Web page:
Some DIYers dislike the bureaucracy and decide to skirt the rules, taking the risk of committing code violations. The authorities can halt the construction of unpermitted work and slap homeowners with a fine. The municipality may order a noncompliant safe room’s demolition if a qualified contractor doesn’t address the infractions and complete the project.

If a do-it-yourselfer does pull a permit, the chances of violating the local building code remain high. One significant mistake can be expensive, so the risks of taking this route outweigh the rewards.

2. Choosing the Wrong Location

FEMA considers below-ground safe rooms to be just as reliable as above-ground ones. This statement is good news to DIYers considering converting their basements.

However, safe room construction experts believe underground storm shelters and panic rooms are a terrible idea. The basement is an undesirable at-home fortress because it’s dim and depressing, especially when it’s windowless. It may disrupt phone signals and cause more anxiety than comfort during a crisis.

a look inside an underground safe room

3. Undervaluing Comfort

Many DIY safe room builders focus only on function and disregard form. Comfort is paramount because there’s no telling when occupants must use the space.

A storm shelter or panic room is safer than the rest of the house during an emergency. Still, it can feel claustrophobic and stifling when designed like a cage. Outfitting it with critical amenities — such as bunk beds, independently powered communication systems and infrared surveillance cameras — is necessary to help ease the negative emotions its occupants may experience instead of compounding them.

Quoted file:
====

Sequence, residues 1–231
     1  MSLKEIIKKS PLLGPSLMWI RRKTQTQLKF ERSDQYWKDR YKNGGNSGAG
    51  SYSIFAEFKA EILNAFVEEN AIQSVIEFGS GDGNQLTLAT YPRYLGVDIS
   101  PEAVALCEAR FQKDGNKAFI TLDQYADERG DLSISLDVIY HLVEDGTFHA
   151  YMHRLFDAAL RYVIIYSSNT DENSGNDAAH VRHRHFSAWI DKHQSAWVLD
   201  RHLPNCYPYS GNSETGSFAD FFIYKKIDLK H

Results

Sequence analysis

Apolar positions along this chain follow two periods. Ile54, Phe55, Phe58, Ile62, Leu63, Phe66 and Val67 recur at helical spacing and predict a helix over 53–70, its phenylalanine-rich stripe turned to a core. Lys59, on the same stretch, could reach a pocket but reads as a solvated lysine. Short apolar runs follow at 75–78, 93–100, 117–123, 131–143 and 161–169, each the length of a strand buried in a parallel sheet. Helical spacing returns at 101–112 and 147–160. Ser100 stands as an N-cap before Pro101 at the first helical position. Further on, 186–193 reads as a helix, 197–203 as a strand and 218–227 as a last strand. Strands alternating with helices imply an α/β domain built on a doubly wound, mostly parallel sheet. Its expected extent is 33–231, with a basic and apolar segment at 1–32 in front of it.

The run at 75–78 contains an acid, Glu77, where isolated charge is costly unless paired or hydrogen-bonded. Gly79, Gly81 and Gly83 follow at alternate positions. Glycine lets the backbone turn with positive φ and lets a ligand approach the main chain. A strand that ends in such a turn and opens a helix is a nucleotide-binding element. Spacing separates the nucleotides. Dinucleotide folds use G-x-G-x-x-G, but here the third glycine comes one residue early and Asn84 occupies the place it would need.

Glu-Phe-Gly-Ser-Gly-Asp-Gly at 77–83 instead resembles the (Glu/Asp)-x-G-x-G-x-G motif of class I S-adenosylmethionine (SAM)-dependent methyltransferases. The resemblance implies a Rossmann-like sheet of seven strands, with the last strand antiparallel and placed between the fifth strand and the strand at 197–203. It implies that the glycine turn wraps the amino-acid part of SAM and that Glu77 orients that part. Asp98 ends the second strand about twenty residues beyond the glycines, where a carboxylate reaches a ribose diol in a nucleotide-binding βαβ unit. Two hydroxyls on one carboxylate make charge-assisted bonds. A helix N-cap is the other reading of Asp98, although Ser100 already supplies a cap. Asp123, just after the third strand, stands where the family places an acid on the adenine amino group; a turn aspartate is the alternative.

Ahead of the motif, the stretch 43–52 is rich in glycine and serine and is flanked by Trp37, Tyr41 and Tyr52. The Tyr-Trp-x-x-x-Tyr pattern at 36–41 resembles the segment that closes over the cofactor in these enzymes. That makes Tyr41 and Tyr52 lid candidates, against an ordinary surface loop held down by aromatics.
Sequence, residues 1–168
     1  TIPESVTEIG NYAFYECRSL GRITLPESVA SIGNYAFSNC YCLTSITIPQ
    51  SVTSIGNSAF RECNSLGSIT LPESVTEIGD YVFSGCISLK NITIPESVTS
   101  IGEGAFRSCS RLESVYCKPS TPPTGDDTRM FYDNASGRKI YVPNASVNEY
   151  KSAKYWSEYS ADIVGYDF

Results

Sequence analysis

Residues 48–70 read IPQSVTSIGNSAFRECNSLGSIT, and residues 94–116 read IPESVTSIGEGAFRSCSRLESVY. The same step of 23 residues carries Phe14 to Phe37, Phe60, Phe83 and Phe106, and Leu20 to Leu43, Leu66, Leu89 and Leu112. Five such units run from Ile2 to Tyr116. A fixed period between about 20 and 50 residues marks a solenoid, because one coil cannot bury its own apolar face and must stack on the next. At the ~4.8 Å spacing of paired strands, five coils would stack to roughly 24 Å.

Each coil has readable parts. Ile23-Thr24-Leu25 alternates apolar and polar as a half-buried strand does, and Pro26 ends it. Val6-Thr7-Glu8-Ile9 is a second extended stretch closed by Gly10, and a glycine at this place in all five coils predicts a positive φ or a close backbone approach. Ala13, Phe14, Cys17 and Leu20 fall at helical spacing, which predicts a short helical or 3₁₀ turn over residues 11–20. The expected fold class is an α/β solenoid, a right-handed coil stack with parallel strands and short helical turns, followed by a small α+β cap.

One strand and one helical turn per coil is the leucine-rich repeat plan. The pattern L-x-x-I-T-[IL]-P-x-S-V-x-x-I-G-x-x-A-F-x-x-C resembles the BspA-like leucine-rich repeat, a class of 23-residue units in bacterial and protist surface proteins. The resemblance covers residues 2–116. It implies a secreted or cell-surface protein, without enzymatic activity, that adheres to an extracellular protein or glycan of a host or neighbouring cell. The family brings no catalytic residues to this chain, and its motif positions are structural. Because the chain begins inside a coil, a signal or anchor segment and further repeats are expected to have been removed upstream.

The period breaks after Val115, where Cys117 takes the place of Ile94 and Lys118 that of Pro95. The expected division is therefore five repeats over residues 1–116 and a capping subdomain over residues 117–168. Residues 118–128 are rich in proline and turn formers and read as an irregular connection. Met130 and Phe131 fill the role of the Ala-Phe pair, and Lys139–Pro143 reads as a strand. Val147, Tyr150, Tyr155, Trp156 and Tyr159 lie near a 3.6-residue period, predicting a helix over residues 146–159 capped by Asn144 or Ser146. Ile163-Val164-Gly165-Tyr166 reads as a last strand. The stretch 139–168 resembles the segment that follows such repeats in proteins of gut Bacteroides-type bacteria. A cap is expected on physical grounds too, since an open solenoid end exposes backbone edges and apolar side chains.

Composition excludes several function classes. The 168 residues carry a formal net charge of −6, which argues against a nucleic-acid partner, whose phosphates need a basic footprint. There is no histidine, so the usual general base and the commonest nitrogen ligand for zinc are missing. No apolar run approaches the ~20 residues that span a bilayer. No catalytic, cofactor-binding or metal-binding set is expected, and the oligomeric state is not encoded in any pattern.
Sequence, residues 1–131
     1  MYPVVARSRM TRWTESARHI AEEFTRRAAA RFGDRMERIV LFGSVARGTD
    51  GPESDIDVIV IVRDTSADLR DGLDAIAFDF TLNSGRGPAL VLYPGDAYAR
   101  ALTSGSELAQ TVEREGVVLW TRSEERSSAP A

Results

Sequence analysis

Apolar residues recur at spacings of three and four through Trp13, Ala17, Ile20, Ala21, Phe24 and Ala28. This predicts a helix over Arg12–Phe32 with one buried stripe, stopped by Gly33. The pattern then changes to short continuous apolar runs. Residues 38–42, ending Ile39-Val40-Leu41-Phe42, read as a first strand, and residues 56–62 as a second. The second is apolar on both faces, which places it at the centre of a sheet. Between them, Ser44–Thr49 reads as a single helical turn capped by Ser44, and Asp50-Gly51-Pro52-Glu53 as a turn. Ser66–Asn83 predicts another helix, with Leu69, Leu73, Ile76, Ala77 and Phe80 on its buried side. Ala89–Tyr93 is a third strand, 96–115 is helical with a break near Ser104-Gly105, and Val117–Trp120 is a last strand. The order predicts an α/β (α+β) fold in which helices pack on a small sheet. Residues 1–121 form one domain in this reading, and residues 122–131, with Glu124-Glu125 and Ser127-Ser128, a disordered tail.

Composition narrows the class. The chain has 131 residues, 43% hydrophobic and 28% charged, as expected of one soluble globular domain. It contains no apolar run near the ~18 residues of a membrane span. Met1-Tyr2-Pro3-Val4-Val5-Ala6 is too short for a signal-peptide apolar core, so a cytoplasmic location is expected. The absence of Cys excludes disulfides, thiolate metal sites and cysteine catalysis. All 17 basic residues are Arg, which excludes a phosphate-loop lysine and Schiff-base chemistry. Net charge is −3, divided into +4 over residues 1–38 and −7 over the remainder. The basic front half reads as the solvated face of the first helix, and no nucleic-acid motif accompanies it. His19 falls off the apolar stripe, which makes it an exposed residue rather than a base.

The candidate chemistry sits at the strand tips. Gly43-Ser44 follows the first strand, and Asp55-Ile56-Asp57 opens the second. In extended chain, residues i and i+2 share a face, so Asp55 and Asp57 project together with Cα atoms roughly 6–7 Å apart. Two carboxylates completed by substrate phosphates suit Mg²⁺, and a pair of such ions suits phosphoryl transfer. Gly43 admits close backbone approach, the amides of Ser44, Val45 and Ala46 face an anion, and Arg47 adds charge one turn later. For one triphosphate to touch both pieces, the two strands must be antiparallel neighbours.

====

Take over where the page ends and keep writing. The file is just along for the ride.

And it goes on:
4. Leaving Unsafe Entry Points

Do-it-yourselfers trying to cut costs may resort to reinforcing existing doors with manipulable materials. Countless DIY tutorials prove it can be done, and therein lies the problem. Entrance reinforcement that can be set up by anyone can be just as easily dismantled by someone else. An impregnable safe room must have a steel-framed security door installed with expertise. It also needs extra reinforcement to ensure impenetrability during a home invasion. 

Regular windows can shatter in the face of a violent hurricane. Store-bought ones can’t bear the brunt of menacing weather, endangering safe room occupants when they break. Custom security windows are the way to go. These units meet the stringent certification requirements in hurricane-prone areas to withstand up to 110 mph wind speeds and impact. Their installers are adept at strengthening wall openings to support their considerable weight.

5. Reinforcing Walls Inadequately

Bulletproofing may be low on the agenda of DIYers whose properties have solid walls. Although concrete, brick and stucco can stop bullets, being complacent can have dire consequences.

Applying a sprayable and plasterable reinforcement material is worthwhile. It can boost a safe room’s resistance to high-velocity projectiles without looking tacky. Such a product can also be money-saving because it saves the existing walls.

6. Passing up Biometrics

Advanced locking systems can provide peace of mind, but sophisticated burglars can still jimmy them with the right tools. Adding another layer of security in the form of biometrics can prevent unauthorized panic room access. This technology still needs improvement, but biometric devices now have a 97.25% accuracy in scanning ears.

Biometric equipment installation is generally beyond the capabilities of do-it-yourselfers. It can complicate the safe room project but is worth the extra expense and time.

Are You Ready to Get Started?

Building a safe room from scratch can be fulfilling. Still, not opting for professional construction services is unnecessary risk-taking. A project meant to provide refuge in a life-and-death situation leaves no room for venturesomeness, so take advantage of all help available to avoid regret.

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Jack Shaw is a senior writer at Modded. Jack is an avid enthusiast for keeping up with personal health and enjoying nature. He has over five years of experience writing in the men's lifestyle niche, and has written extensively on topics of fitness, exploring the outdoors and men's interests. His writings have been featured in SportsEd TV, Love Inc., and Offroad Xtreme among many more publications.